Some times I wonder who will save Africans from their primitive ways of doing stuff? Africans leaders who grew up rearing cows and s**titing in the bush can not bring fundamental changes.They're primitive in their mindset to think that only their family genes were blessed to rule for ever a poor country. Is it rocket science to respect peoples votes, build good roads,provide good health services, have term limits, the list goes on?.If African presidents are not part of the solution, then THEY ARE THE PART OF THE PROBLEM.
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written by Masajage, December 01, 2012
I am truly disappointed by this article. President Obama is a very clear communicator. He pronounced his Africa policy in his inauguration speech. He clearly stated that Afriica's development was entirely the responsibility of Africans. He also stated that the era of Africa's strongmen were on the wrong side of history. He was also clear that he will stand with those leaders who work to build democracy based on strong institutions. He never volunteered to re-engineer Africa. Mwenda you are so off. I agree with your statement "you have become stupid".
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written by Jason, December 15, 2012
'Africa’s savior may be the continuation of the economic crisis in America, which may divert Obama’s next big plan for our continent.

Quite the opposite. And you accuse us in the West of naivety regarding the DRC. smilies/tongue.gif The reason for AFRICOM and drones spying in Africa (amazing that you do not mention this by the way) has a lot to do with America's economic crisis and it's declining hegemony, in a couple of words, they're becoming increasingly irrational.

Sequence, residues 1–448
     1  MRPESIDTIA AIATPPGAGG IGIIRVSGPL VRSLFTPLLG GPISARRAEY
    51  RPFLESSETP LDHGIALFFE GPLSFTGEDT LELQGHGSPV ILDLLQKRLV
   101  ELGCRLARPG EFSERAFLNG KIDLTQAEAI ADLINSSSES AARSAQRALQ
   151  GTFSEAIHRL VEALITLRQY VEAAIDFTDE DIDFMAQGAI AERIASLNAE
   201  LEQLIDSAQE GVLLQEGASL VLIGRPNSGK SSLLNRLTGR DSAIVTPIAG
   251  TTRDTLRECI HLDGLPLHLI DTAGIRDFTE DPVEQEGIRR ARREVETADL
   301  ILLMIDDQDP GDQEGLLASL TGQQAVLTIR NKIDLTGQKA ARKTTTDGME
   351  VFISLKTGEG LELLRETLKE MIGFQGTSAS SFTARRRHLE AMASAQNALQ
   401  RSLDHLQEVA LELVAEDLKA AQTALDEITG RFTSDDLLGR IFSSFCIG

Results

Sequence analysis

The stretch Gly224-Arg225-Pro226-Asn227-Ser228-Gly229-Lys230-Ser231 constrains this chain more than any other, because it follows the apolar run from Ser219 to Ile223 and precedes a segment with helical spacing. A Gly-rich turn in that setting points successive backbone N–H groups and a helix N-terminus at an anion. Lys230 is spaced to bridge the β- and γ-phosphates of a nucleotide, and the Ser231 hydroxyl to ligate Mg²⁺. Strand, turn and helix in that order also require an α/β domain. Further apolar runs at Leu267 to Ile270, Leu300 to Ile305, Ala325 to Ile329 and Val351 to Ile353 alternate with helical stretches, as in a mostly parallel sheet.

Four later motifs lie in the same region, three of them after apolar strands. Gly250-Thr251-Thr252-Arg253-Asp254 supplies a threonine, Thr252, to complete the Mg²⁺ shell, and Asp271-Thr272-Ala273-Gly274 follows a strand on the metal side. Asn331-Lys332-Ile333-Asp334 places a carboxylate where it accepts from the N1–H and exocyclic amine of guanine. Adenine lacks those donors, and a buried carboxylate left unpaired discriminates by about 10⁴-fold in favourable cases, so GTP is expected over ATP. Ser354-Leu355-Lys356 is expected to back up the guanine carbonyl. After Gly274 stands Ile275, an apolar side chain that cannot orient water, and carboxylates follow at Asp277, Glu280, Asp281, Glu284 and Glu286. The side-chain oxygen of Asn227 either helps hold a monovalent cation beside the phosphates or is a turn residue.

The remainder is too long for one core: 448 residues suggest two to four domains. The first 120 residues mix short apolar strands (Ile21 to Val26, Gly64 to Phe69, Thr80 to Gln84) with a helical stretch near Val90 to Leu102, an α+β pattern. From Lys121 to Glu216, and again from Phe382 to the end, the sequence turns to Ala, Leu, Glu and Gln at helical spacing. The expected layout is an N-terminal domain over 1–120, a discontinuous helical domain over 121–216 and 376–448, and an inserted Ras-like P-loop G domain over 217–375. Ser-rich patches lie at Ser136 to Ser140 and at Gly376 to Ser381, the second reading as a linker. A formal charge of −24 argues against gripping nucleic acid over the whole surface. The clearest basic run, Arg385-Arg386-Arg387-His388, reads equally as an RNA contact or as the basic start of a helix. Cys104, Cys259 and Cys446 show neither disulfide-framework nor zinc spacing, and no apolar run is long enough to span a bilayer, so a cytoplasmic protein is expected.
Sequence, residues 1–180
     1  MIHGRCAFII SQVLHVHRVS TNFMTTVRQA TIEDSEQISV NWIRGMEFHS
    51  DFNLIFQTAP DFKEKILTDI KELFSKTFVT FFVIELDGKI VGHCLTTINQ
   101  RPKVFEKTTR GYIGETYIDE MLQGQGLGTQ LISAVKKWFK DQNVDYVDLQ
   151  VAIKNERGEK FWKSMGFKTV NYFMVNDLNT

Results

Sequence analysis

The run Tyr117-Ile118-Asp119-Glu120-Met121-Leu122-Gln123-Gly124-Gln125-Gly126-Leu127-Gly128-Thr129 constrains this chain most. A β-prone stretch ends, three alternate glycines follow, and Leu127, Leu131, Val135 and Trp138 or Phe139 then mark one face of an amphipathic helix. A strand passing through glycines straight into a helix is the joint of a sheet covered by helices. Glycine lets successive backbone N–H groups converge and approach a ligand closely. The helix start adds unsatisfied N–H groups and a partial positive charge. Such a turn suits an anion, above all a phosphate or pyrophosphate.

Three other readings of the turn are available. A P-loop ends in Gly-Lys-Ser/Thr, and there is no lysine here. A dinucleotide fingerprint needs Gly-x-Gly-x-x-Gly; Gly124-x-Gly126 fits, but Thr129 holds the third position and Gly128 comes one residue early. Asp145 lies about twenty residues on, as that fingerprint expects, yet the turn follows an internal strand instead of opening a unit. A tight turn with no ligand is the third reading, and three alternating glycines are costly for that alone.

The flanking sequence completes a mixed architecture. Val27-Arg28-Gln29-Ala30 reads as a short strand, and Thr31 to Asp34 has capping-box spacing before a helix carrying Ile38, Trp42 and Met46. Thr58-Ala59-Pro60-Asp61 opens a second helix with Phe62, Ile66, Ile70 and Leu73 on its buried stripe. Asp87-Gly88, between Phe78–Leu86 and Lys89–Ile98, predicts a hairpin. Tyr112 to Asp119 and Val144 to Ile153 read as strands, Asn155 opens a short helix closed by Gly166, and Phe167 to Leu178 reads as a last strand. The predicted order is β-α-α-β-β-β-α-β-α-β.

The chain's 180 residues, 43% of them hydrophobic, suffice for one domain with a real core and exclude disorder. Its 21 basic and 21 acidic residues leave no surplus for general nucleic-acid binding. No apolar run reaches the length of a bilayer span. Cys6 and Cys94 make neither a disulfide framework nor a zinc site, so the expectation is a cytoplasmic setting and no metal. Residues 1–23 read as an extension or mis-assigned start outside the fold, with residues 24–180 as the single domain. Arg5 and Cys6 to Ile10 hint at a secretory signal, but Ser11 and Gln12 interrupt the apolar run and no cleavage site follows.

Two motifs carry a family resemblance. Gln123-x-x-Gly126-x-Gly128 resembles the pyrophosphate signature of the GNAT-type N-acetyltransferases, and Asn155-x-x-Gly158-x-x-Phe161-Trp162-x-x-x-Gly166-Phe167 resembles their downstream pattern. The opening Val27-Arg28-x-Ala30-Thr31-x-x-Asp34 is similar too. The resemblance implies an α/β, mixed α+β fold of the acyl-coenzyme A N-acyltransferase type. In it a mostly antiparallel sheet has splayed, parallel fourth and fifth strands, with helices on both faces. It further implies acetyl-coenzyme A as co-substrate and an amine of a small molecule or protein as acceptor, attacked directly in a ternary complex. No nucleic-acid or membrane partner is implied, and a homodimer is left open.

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written by Bongomin Morris, December 18, 2012
Americans went through their state development on their own crafting their own solutions to different problems. Sycophants had no place at the top, only serious politicians with equal measures were at the helms.

But having the kind of people like you driving events in Uganda in particular and Africa in general where do you think Obama can start from?
thanks
written by writing essay, December 24, 2012
Hi there just wanted to give you a quick heads up.The words in your article seem to be running off the screen in Safari.I’m not sure if this is a formatting issue or something to do with web browser compatibility but I figured I’d post to let you know. The style and design look great though! Hope you get the problem resolved soon. Many thanks
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written by tutoring services, January 30, 2013
He has four more years in office. Let's see if he up the notch on his efforts on Africa. But maybe instead of raising hope for Obama, maybe you can raise yourselves up and do the things you think your country needs. Just my two cents.